Rupert Bunny was of the first of G. F. Folingsby’s students at the National Gallery School to make it to Paris. Apart from a few visits, he did not return to Australia until 1933. This painting is one of his first successes, coming at the end of his four years in the atelier of Jean-Paul Laurens, the mural and history painter, where he improved his drawing skills and learnt to harness his natural colour sense.
Like many Parisian art students, Bunny fled the city in the summer months for the coastal towns of Brittany, in north-west France, sketching its beaches, villages and menhirs. These studies were then worked up into the settings of pictures such as this work , with the figures, studio nudes, dropped in. They are Symbolist works, with the sea-nymphs and tritons representing the forces of nature and, in this case, generation. Bunny must have known the work of the German painter, Arnold Böcklin; the two principal nudes in Sea idyll have been compared with figures in Böcklin’s A sea idyll, published in the Magazine of Art (Magazine of Art, vol. 8, 1885, p. 441) in 1885. Cabanel’s famous Birth of Venus, 1863 could also have been in the back of Bunny’s mind when he painted his reclining mermaid.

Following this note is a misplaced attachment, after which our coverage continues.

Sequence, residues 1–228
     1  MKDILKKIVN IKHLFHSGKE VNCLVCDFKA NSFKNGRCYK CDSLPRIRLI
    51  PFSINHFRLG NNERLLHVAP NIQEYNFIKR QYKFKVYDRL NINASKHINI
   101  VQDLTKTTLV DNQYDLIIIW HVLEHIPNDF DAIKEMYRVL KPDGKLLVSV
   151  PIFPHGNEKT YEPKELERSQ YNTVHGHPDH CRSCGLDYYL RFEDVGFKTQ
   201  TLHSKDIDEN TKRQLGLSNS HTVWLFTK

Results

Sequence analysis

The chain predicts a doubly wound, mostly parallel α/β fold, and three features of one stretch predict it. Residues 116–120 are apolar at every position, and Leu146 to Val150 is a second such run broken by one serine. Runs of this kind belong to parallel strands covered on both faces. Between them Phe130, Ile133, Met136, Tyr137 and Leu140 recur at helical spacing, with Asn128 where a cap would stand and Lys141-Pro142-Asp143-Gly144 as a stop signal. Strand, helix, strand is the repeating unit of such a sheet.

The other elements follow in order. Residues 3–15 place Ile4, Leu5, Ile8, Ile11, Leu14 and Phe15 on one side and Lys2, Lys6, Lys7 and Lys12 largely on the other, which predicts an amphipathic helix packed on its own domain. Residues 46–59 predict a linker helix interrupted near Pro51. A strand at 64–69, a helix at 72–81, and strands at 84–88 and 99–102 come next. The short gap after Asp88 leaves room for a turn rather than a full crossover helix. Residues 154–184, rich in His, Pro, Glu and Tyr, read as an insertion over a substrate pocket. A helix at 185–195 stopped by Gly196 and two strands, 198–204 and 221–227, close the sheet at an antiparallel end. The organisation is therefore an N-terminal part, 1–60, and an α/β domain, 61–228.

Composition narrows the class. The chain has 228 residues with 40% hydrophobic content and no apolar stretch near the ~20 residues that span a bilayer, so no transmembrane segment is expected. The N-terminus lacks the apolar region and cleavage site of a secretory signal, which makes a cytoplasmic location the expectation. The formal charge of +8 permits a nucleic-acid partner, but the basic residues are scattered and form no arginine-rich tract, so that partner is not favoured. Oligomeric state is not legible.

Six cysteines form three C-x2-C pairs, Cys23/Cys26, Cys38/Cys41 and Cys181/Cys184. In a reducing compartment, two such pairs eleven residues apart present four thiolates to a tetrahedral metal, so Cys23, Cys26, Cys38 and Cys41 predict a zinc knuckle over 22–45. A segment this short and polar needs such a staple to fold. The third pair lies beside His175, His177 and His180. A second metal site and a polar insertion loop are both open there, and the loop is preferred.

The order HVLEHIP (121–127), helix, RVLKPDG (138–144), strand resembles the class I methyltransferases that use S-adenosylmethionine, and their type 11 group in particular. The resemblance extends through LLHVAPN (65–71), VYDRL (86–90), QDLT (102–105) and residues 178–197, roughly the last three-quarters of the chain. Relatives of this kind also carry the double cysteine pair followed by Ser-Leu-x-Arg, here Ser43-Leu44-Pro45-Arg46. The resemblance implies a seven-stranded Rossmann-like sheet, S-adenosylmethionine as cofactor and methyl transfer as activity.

Text © National Gallery of Victoria, Australia